Olga Rozanova Aeroplany nad gorodom (Airplanes over the City) from Voina (War) 1915, published 1916

  • Not on view

Soaring airplanes, a black bomb, a toppled red building, and a figure free-falling through space: although at first glance Rozanova’s collage of cutout shapes and linoleum-printed papers may look like an abstraction, in fact it illustrates the chaos of a bombing raid. The sheet is one of fifteen pages in the illustrated book Voina (War), which Rozanova produced with her companion and frequent collaborator, the Russian Futurist poet Aleksei Kruchenykh. She used the fractured, shifting forms of Cubism and Futurism to convey the mass confusion and destruction experienced in her native Russia during World War I.

For Rozanova and her generation of Russian artists, the book was a key site for radical experimentation. Working closely with poets, including Kruchenykh, to create an entirely new kind of handmade, often self-published book, they combined innovative poetry with deliberately crude illustrations that were meant to shock and to repudiate the tasteful refinement of traditional fine-press books. For Voina, Rozanova employed the new and unorthodox medium of linoleum cut, which she printed on cheap paper with uneven edges. The book marked a high point in Rozanova’s brief but illustrious career, which lasted only about a decade. She died of diphtheria in 1918.

Publication excerpt from MoMA Highlights: 375 Works from The Museum of Modern Art, New York (New York: The Museum of Modern Art, 2019)
Aleksei Kruchenykh
Linoleum cut with collage additions from an illustrated book with sixteen linoleum cuts (including cover, two with collage additions)
composition (irreg.): 14 15/16 × 11 13/16" (38 × 30 cm); sheet: 15 9/16 × 12 3/8" (39.6 × 31.4 cm)
Andrei Shemshurin, Petrograd
Olga Rozanova, Vladimir, Russia
Gift of The Judith Rothschild Foundation
Object number
Illustrated book
Voina (War)
Drawings and Prints

Installation views

We have identified these works in the following photos from our exhibition history.

How we identified these works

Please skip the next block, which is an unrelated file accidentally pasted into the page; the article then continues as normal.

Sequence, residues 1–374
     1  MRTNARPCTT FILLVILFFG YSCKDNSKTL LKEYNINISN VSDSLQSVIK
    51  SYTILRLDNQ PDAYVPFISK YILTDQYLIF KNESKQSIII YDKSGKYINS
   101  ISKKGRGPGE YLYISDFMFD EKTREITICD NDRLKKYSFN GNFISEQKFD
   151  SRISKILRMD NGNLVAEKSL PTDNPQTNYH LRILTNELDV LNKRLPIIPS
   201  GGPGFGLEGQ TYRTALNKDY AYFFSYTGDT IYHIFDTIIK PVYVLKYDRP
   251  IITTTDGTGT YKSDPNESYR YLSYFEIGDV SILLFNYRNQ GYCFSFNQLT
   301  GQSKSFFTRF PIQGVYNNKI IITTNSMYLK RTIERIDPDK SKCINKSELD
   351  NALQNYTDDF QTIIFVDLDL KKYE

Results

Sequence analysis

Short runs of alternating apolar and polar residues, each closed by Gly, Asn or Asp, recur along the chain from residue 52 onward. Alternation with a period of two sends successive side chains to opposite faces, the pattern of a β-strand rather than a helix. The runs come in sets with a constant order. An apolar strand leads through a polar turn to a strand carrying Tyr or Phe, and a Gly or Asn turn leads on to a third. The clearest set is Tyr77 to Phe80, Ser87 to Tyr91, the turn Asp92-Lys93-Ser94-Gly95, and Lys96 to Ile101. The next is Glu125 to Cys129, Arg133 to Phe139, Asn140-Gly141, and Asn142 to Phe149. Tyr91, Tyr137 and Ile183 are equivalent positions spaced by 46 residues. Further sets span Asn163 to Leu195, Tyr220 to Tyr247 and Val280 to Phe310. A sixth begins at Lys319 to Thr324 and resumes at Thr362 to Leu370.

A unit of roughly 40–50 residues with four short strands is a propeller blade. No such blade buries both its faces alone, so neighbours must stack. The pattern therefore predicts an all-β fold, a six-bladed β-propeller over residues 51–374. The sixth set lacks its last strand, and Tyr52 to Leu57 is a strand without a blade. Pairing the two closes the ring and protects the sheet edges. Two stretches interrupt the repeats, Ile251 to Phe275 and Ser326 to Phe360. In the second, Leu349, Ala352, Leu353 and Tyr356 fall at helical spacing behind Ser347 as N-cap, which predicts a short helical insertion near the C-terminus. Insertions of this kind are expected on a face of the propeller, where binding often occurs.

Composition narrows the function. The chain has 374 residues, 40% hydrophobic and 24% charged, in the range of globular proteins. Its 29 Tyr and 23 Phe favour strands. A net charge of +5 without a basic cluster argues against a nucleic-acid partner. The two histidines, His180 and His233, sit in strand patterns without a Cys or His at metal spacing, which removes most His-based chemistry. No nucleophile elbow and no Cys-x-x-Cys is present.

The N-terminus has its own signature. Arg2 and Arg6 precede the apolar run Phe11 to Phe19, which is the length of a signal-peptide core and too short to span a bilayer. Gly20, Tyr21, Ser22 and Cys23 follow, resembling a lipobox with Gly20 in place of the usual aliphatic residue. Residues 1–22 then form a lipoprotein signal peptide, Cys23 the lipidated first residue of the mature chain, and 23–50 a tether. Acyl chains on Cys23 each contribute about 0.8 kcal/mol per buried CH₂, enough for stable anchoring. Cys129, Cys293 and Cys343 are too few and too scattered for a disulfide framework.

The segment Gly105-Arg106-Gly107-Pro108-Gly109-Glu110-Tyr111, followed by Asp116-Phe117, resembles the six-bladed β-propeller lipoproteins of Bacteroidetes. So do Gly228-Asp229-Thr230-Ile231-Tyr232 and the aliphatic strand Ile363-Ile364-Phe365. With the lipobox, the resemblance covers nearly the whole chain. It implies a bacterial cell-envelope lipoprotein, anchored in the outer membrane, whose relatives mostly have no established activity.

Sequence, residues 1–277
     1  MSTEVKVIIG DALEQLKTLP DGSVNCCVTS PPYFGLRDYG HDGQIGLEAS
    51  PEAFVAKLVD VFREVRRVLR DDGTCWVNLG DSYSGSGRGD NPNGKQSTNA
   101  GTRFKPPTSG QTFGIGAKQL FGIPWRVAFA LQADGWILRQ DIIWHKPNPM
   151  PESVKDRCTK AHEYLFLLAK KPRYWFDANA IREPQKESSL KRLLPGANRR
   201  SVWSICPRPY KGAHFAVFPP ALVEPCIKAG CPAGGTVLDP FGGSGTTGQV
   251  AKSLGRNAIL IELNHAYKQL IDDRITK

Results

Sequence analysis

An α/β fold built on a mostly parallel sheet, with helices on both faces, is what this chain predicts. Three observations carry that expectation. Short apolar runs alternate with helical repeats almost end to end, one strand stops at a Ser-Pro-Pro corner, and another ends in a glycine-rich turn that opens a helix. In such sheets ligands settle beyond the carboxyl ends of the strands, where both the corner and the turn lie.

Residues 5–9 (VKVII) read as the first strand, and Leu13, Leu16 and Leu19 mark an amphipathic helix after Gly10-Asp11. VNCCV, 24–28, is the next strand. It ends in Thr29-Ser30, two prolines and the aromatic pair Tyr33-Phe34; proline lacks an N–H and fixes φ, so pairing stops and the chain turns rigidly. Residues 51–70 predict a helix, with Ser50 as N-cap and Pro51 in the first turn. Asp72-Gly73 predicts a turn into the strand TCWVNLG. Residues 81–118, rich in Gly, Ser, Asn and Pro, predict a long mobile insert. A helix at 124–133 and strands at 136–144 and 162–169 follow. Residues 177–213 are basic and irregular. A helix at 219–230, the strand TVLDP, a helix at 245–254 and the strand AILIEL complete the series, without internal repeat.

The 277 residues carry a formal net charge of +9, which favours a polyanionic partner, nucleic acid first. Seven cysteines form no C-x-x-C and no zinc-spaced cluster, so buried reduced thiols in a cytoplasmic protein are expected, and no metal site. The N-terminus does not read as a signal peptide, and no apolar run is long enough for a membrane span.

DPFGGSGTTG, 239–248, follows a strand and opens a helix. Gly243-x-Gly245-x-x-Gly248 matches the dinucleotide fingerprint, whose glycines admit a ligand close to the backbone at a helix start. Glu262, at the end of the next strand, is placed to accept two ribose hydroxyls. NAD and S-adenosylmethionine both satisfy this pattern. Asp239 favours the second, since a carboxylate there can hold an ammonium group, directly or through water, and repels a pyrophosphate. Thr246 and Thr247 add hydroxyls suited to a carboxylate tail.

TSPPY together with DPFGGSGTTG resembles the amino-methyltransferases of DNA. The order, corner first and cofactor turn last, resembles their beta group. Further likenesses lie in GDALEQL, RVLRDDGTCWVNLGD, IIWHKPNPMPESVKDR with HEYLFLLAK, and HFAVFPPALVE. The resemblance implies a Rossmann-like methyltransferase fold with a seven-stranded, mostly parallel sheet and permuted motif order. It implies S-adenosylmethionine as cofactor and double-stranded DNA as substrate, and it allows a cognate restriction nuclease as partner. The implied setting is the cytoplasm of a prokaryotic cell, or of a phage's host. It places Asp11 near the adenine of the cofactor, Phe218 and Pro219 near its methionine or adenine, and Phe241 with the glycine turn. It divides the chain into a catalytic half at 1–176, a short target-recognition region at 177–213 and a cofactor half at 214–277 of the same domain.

In 2018–19, MoMA collaborated with Google Arts & Culture Lab on a project using machine learning to identify artworks in installation photos. That project has concluded, and works are now being identified by MoMA staff.

If you notice an error, please contact us at [email protected].


If you would like to reproduce an image of a work of art in MoMA’s collection, or an image of a MoMA publication or archival material (including installation views, checklists, and press releases), please contact Art Resource (publication in North America) or Scala Archives (publication in all other geographic locations).

MoMA licenses archival audio and select out of copyright film clips from our film collection. At this time, MoMA produced video cannot be licensed by MoMA/Scala. All requests to license archival audio or out of copyright film clips should be addressed to Scala Archives at [email protected]. Motion picture film stills cannot be licensed by MoMA/Scala. For access to motion picture film stills for research purposes, please contact the Film Study Center at [email protected]. For more information about film loans and our Circulating Film and Video Library, please visit https://www.moma.org/research/circulating-film.

If you would like to reproduce text from a MoMA publication, please email [email protected]. If you would like to publish text from MoMA’s archival materials, please fill out this permission form and send to [email protected].


This record is a work in progress. If you have additional information or spotted an error, please send feedback to [email protected].